I’ve been interviewing a lot of software engineers lately. I typically start my screen with a question like “Give me a two minute overview of your career.” The goal is to give the candidate some time to settle their nerves and learn something interesting about them at the same time.
I’m surprised how rare it is for candidates to stick to that “two minute overview” instruction. Five minutes isn’t uncommon, at which point I cut them off and move on to the next question, while writing down something in my notes about “doesn’t follow directions.”
I’m also surprised the way candidates interpret the question. Maybe it’s just nerves, but even experienced candidates don’t take advantage of the open-ended nature of the question. The typical answer is a historical recap. “I graduated with a degree in CS. My first job was at Amazing, Inc, where I worked on algorithms for efficient cargo ship loading. Then I moved on to ….”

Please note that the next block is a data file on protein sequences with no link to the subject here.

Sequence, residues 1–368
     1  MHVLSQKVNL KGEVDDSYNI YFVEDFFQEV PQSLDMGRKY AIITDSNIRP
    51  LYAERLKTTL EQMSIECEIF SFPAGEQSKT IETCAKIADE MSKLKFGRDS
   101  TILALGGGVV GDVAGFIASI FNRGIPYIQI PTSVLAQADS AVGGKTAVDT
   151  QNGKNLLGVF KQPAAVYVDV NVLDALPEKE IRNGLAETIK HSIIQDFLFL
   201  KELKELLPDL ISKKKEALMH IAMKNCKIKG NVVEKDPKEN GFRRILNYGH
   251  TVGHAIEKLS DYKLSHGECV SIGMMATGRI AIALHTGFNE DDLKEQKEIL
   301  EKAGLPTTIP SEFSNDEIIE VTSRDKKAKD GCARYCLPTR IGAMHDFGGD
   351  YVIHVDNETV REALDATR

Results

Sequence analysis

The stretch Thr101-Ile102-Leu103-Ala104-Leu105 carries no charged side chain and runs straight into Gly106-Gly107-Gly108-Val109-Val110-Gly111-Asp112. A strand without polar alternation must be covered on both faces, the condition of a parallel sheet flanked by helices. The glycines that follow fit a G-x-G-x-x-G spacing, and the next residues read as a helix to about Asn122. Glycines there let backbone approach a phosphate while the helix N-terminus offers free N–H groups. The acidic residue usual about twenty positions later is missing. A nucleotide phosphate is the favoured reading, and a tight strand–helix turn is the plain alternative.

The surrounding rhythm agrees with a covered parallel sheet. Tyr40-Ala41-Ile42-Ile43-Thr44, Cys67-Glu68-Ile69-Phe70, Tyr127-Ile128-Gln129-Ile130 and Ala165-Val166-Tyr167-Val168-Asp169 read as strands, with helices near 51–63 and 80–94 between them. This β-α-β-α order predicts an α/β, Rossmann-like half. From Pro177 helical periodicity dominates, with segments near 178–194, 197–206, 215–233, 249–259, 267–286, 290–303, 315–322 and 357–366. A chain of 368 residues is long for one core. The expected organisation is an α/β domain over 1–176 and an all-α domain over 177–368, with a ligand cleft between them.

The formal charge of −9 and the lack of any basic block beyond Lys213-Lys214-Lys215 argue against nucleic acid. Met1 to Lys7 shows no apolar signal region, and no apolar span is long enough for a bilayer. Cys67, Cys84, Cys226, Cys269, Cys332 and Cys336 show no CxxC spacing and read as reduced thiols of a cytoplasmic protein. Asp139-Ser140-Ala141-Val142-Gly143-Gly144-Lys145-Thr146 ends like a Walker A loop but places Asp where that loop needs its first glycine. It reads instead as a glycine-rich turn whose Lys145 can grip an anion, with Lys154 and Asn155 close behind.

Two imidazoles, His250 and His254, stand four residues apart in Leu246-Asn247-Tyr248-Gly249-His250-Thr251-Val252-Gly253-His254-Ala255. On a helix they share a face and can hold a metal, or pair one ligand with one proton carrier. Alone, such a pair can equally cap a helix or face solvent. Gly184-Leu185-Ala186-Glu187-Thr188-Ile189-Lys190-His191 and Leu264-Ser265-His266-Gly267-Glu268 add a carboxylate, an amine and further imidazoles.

I saw all of this on your resume already. This is your opportunity to go deeper. Here’s what I really want to know:
- What 3-4 skills do you have that I most care about?
- What are you really, really good at?
- What gets you up in the morning excited to come to work?
- What makes you special or even unique among candidates?
The best candidates will talk about their gaps, too. Examples:
- “I’ve always wanted to work on machine learning, but I haven’t had the chance yet. I’ve been reading all the research.”
- “I led a team, but what I learned is that I’m better at writing code.”
- “I listed C# on my resume, but I haven’t used it three years. My best programming language is C.”
The next time you’re interviewing and you hear anything like “tell me about yourself” or “what’s your background” or “give me an overview of your career,” the interviewer is giving you chance to go much deeper than surface level. Take advantage.